The Atchison & Topeka Railroad was chartered in 1859. The railroad company received a generous land grant in the 1860's from the government in order to build and help open up Kansas lands for settlement.
In 1863, with aims at building south to New Mexico the railroad’s name was changed to the Atchison, Topeka & Santa Fe. Reaching the Colorado state line in 1873, the railroad provided easy passage west from Kansas City to countless regions with its connecting lines. Although the line never reached Santa Fe, it did open a branch division in New Mexico in 1880, which offered connecting lines into Santa Fe. The railroad specialized in freight service and was a popular conveyance for cattle and harvested wheat.
A bitter battle between the Atchison, Topeka & Santa Fe and Rio Grande railroads, known as the Royal Gorge War, ended in 1879. It was decided on April 21 of that year, by way of a U.S. Supreme Court ruling, that the Atchison, Topeka & Santa Fe was to discontinue its quest to reach Denver and the valuable gold regions of Colorado, and the Rio Grande wouldn’t extend its line to Santa Fe.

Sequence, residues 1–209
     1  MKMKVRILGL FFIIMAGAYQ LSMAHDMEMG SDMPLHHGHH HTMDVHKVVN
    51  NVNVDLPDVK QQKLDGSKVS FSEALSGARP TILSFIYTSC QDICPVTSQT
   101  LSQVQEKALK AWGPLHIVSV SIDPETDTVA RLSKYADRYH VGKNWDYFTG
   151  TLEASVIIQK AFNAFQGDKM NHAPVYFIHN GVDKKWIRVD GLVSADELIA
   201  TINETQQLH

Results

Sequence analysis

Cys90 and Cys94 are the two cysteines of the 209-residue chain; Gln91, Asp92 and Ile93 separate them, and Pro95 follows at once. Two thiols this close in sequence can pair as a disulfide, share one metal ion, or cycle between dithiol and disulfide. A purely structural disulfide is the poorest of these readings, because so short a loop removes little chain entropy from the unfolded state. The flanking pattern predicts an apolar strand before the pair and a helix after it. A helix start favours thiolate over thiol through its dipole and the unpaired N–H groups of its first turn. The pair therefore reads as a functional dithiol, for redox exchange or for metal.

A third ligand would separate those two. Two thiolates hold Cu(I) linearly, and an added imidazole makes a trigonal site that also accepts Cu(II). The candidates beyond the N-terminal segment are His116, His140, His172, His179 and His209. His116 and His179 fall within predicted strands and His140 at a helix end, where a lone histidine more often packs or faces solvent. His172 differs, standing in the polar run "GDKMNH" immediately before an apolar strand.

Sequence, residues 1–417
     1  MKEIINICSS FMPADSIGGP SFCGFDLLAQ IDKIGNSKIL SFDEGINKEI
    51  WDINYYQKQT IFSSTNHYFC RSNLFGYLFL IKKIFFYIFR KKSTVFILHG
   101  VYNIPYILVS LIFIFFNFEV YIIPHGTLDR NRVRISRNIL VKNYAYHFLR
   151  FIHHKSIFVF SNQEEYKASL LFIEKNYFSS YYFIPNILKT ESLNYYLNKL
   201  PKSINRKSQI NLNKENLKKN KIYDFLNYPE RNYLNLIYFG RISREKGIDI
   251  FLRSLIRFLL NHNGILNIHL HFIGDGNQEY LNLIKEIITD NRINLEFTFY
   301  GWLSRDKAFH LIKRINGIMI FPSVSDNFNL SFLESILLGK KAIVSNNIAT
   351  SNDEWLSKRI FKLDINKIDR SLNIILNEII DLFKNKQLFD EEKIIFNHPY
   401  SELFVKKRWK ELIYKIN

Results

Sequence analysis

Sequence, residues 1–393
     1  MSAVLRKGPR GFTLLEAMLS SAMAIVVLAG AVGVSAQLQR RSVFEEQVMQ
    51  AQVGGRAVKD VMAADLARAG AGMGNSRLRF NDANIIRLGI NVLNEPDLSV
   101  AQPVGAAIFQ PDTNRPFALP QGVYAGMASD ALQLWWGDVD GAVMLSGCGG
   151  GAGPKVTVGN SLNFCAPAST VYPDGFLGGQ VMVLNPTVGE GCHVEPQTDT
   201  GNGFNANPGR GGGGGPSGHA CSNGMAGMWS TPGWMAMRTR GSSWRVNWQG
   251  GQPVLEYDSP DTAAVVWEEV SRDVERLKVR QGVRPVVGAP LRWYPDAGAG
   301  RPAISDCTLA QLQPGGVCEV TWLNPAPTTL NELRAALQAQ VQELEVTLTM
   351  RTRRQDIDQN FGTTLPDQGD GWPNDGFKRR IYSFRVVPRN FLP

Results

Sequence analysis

The railroad was honored in 1944 by song writers Harry Warren and Johnny Mercer in their tune “On the Atchison, Topeka and Santa Fe” for the hit movie “The Harvey Girls”. The song, sung in the film by Judy Garland, won the Academy Award in 1945 for best original song.
This relief map of the western United States was published in 1884 by Rand McNally. The map shows cities, towns, military and Indian reservations, state boundaries, waterways, mountains, stage routes and railroads, emphasizing the main line. Inset maps include a railroad map of Mexico and the Atchison, Topeka & Santa Fe Railroad system.
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